My problem with the cult of Apple - Louis Rossmann

Discussion in 'Apple and Mac OS X' started by hmscott, Jul 19, 2018.

  1. Aroc

    Aroc Notebook Consultant

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    For:
    • Apple Macbook Pro 15 and 17s (2006, 2007) with NVIDA GPUs that would fail, multiple times (CAD work or engineering simulations, so they were run HARD).
    • Apple Macbook Pro 17 (2010) failures.
    • Apple MacBook Pro 15 (2011+) failures.

    Rossmann is absolutely right that the fanboys or forum posters will tell you that you're using a laptop wrong and you can't run them hard like that, despite that's Apple advertised you could use them for that purpose.
     
  2. saturnotaku

    saturnotaku Notebook Prophet

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    The problems with the NVIDIA GPU were not unique to Apple. Pretty much any brand of notebook that used the 8600GT were subject to high rates of failure.
     
  3. Raidriar

    Raidriar ლ(ಠ益ಠლ)

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    Can confirm, it was not only the 8600M GT, but also the quadro equivalents such as FX 570M in the T61 series thinkpads that were very susceptible to dying. It's not fair to hit Apple over an nVidia manufacturing problem.
     
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  4. Aroc

    Aroc Notebook Consultant

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    True. I had (or still have) a Thinkpad T61p with the NVIDIA Quadro version of this card and this GPU+mobo combo and its know failure rate. It's what drove me to consider a dGPU that isn't soldered trash that can be repaired (e.g., MXM) or just stick with iGPU.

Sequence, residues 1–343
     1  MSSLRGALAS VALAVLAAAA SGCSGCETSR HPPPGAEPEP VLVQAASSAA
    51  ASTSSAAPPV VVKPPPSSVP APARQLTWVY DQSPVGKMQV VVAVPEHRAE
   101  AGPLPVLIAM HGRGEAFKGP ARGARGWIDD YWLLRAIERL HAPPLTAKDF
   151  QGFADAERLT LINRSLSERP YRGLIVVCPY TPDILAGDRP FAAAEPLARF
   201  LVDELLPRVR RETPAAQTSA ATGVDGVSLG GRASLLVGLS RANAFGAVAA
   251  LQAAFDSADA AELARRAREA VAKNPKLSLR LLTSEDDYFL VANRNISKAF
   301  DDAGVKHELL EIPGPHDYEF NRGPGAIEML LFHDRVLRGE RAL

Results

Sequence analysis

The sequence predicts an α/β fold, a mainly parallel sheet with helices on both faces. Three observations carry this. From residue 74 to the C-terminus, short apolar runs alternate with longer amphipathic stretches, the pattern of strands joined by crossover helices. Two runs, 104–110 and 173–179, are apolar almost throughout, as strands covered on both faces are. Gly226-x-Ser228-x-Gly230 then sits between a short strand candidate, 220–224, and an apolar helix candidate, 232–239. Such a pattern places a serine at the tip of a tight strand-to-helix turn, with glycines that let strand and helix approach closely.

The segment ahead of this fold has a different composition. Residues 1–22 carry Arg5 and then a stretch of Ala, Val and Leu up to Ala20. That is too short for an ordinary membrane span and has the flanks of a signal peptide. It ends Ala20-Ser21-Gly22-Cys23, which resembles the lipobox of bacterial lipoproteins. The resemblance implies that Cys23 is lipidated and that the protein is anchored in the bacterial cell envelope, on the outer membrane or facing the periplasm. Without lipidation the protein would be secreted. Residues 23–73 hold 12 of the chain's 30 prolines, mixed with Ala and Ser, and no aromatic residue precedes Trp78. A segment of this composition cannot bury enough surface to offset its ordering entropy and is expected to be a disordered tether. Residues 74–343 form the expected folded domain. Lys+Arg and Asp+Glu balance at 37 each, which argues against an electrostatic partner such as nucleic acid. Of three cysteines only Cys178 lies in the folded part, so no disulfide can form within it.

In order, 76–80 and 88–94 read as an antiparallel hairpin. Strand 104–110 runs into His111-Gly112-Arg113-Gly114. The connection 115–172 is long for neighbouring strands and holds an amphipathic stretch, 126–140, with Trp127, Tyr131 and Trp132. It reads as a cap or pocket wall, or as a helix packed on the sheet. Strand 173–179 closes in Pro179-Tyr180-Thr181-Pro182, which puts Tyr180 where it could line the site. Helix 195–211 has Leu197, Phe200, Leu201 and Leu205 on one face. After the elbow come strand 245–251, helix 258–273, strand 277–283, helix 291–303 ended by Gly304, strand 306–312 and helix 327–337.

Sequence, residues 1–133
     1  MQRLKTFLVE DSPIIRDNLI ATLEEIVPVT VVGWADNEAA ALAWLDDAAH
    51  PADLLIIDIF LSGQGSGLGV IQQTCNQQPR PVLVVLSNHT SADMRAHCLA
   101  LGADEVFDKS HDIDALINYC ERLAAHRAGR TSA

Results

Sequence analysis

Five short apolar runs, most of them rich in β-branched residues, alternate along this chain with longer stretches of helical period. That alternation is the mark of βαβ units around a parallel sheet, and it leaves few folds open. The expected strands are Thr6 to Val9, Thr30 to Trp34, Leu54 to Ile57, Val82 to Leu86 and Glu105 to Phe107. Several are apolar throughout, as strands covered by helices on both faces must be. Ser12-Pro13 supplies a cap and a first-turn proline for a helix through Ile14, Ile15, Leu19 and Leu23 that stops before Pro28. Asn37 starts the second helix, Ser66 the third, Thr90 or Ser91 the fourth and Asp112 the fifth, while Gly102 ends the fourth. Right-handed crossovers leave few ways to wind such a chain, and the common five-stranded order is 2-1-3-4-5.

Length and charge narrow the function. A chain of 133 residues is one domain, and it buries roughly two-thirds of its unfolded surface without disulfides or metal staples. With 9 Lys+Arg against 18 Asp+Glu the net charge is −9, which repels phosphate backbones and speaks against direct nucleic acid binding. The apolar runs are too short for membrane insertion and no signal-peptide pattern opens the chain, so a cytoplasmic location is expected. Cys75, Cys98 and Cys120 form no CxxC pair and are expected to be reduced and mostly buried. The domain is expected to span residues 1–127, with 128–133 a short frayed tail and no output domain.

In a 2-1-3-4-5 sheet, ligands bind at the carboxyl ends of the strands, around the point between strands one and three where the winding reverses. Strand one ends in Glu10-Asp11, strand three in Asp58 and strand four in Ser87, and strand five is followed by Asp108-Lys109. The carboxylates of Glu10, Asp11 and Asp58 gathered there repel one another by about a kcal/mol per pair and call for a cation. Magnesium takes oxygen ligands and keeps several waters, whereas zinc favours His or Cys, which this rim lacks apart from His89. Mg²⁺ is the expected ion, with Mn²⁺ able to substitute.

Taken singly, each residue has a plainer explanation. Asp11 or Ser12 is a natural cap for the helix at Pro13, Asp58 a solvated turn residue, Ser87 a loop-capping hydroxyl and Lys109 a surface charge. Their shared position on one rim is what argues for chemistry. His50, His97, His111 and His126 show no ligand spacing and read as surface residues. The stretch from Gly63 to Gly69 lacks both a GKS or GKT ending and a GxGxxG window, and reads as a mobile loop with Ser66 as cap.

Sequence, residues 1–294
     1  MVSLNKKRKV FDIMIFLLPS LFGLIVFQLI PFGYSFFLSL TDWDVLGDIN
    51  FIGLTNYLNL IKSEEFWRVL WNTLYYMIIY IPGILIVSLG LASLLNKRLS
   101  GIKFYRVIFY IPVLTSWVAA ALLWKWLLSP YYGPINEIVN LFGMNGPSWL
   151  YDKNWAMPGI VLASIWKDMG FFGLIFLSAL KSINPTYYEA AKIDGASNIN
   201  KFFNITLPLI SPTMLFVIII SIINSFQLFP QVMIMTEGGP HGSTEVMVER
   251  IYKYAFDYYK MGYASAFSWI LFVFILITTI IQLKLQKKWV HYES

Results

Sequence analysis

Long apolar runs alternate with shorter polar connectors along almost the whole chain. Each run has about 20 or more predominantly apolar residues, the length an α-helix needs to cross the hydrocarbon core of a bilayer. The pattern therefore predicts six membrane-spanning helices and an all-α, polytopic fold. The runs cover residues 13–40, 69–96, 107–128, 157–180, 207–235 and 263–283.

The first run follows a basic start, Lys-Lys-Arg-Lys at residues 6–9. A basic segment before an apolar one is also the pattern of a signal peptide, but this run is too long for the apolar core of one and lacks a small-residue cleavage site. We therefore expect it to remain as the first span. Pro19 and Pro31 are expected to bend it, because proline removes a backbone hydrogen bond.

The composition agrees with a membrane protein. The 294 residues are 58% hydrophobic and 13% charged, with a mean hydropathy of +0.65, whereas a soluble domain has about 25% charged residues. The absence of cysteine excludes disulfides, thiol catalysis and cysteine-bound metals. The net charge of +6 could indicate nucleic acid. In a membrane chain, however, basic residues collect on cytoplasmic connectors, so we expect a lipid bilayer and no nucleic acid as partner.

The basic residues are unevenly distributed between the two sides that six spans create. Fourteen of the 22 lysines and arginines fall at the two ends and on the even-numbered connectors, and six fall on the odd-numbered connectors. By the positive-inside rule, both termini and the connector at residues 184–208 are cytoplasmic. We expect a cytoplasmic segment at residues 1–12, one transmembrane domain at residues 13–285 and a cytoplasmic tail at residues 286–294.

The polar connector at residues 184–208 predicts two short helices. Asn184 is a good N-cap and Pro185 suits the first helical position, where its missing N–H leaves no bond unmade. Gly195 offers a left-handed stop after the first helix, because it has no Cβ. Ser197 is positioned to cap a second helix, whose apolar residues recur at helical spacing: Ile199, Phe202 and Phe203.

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  5. Aroc

    Aroc Notebook Consultant

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    No, it isn't. And to be fair, AppleCare and the genius bar were pretty good at replacing them, multiple times, if needed.
     
  6. Raidriar

    Raidriar ლ(ಠ益ಠლ)

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    My quadro equipped T61p is still kicking :D

    I did undervolt the vBIOS though, it was set by nvidia WAY too high, convinced that's what ended up contributing significantly to destroying many of these chips. Stock vBIOS voltage was an obscene 1.15V, I pulled it down to 0.90V without modifying any of the clock speeds. Huge reduction in power consumption and heat production.
     
  7. Aroc

    Aroc Notebook Consultant

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    @Raidriar ,
    My T61p is still kicking too. No failures yet. I'll have to look into that undervolt vBIOS trick. Do you do that with Intel Extreme Tuning Utility (Intel XTU) or some corresponding NVIDIA tool?
     
  8. Raidriar

    Raidriar ლ(ಠ益ಠლ)

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    No, there is a special BIOS to flash, made by chinese enthusiast Highsun. Check here (use google translate)
    https://thinkpad-forum.de/threads/1...Quad-in-Thinkpad-T61-benutzen-GPU-undervolten